Friends or Rivals? The Insider's Account of U.S.-Japan Relations

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Friends or Rivals? The Insider's Account of U.S.-Japan Relations

By Michael H. Armacost
Columbia University Press, 1996
271 pp. $24.95
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A superb book that can be profitably read at many levels. First and foremost, it is a valuable firsthand account of U.S.-Japan relations during the critical period 1989-93, when Armacost was the American ambassador. Then, as now, the issue was how to adjust a Cold War alliance to a post-Cold War era whose outlines are still unclear. Armacost struggled bravely to promote greater coordination of U.S. and Japanese policies, but his efforts were almost always frustrated.

On economic issues, he blames both sides. Increasing the U.S. savings rate -- necessary to restore American economic health -- was not central to the Bush administration's congressional agenda. U.S. investment in Japan was paltry. Expanding market access for American goods is pick-and-shovel work, with no prospect it will change much anytime soon. Because of its unwillingness to take on the rice lobby and liberalize agricultural trade, Japan offered little cooperation in concluding the Uruguay Round of GATT. Political gridlock in both countries prevented substantial coordination of macroeconomic policy. On security issues, only modest adjustments were made to longstanding patterns of defense cooperation. Japan remained dependent on the United States but was curiously disengaged from regional and global security. It removed the legal obstacles to exchanging defense technology with the United States but passed on little technology. Fundamental asymmetries in the alliance remained.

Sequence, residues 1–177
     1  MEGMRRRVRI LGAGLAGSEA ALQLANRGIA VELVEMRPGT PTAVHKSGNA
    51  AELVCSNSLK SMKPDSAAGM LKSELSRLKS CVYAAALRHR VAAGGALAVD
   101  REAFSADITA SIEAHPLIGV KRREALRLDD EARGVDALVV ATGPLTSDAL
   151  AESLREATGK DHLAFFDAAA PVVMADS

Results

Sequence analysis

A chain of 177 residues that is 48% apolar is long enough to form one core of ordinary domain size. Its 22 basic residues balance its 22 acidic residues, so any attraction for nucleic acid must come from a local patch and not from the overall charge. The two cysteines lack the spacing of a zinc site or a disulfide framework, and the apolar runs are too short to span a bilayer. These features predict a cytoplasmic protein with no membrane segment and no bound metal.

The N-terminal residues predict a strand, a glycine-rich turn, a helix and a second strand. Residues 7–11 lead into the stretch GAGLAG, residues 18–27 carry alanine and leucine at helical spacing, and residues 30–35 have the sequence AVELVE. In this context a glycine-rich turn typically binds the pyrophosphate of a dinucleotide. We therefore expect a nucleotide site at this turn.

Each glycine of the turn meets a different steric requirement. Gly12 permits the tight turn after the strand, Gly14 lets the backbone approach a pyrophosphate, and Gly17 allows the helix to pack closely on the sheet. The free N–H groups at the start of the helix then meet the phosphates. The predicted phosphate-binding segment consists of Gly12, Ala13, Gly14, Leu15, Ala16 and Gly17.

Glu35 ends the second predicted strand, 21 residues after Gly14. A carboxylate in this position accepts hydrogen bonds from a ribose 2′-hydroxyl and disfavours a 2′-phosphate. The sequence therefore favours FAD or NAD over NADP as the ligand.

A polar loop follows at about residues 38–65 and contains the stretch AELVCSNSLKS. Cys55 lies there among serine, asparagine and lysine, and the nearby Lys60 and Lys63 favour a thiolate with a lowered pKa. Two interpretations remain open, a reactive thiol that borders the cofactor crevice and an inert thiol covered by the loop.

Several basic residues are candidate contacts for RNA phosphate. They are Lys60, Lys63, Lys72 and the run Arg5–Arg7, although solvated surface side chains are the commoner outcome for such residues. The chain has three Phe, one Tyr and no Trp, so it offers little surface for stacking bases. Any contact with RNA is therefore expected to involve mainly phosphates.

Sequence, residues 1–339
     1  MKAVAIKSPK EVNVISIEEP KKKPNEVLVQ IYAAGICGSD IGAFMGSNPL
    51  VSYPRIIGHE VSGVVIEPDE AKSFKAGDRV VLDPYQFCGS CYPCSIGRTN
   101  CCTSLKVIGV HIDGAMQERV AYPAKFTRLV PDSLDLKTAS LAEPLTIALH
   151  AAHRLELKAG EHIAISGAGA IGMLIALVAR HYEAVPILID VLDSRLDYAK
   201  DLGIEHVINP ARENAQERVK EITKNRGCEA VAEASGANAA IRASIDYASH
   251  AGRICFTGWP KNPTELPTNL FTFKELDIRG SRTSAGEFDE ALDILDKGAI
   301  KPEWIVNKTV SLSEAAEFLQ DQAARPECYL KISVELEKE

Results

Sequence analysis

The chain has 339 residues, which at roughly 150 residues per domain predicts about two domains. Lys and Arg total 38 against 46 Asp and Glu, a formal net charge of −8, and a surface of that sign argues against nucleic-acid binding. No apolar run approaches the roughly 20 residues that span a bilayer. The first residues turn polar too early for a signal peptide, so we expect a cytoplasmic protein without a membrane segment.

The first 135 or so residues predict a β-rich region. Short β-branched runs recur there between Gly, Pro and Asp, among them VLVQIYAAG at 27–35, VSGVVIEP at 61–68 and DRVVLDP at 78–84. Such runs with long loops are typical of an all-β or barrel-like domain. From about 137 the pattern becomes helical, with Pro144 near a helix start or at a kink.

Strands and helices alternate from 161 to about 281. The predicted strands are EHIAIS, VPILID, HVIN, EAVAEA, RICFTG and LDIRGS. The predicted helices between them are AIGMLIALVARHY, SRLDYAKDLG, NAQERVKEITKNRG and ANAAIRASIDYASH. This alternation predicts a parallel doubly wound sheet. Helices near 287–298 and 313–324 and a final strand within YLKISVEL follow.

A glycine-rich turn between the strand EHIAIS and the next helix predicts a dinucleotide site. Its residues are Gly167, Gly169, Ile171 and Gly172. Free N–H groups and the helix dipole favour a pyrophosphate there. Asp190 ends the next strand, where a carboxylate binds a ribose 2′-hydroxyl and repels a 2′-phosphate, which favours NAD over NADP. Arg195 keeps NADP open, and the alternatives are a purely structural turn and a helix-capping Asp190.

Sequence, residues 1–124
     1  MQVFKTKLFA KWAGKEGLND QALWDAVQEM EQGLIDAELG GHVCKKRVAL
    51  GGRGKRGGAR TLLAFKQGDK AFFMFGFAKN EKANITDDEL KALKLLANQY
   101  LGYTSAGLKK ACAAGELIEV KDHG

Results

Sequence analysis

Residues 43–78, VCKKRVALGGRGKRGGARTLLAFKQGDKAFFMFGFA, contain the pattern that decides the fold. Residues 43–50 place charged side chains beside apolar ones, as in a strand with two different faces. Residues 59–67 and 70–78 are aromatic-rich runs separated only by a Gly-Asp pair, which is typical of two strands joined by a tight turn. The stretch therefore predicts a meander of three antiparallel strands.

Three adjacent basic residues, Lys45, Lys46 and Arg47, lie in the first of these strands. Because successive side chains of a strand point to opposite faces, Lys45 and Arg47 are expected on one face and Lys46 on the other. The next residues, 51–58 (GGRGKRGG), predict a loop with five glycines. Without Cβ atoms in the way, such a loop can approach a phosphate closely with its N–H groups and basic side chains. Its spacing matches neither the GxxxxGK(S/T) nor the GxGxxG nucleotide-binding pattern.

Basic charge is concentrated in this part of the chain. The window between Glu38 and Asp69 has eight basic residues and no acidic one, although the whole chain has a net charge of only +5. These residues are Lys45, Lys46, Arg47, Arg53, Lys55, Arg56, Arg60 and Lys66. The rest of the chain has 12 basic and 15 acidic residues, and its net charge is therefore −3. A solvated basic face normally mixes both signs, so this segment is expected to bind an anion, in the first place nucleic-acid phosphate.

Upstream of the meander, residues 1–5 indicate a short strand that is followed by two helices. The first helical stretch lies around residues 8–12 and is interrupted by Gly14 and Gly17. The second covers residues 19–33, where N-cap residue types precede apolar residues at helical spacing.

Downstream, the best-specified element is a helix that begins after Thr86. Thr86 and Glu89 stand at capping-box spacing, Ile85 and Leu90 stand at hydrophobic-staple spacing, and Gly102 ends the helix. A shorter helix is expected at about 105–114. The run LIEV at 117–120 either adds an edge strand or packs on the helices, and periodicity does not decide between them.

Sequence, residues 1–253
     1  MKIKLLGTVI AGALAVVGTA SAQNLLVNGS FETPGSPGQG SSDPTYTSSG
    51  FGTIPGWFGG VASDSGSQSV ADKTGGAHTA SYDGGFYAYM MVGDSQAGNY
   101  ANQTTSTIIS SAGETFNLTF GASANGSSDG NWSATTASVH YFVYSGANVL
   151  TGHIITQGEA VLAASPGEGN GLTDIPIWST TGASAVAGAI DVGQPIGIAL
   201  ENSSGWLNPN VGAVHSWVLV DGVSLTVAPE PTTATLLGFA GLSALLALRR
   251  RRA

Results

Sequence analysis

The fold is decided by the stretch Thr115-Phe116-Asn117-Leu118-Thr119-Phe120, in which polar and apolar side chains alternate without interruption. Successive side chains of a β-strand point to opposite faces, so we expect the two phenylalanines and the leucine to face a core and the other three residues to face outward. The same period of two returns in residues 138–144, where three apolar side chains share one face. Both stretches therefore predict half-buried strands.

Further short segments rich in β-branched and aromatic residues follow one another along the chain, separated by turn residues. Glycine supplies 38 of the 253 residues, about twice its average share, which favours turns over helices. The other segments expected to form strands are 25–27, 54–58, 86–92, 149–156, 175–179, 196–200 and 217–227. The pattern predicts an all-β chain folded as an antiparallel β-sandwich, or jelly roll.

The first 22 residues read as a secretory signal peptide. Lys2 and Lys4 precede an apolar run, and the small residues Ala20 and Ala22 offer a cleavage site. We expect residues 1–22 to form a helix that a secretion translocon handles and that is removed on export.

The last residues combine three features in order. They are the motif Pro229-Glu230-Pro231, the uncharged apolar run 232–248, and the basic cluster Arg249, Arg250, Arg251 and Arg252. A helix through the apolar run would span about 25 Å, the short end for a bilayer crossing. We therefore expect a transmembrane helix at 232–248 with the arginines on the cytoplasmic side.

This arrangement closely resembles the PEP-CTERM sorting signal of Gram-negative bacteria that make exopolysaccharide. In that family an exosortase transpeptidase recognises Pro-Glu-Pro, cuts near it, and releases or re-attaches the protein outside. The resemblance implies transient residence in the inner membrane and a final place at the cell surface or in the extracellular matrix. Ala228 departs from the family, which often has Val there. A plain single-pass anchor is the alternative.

In Armacost's view, Washington and Tokyo could have coordinated their trade, China, and aid policies more fully but for entrenched political interests. He is particularly critical of the obstructionist tendencies of Japan's Ministry of Finance. Still, Armacost is not a pessimist. He says that powerful forces of change visible in Japan are propelling acceptance of a more open market, competitive politics, transparent regulation, and cosmopolitan society. But his scope goes well beyond U.S.-Japan relations. A keen discussion of the larger forces of the global economy and the enormous frustrations and benefits of increasing economic interdependence, an astute analysis of the changed international and regional security situation after the Cold War, and, in a few pages, the best analysis ever written of the special features of the alliance and the likely severe difficulties of redistributing security burdens make this a genuine must-read for anyone interested in U.S.-Japan relations, the Asian security situation, or U.S. foreign policy more generally.

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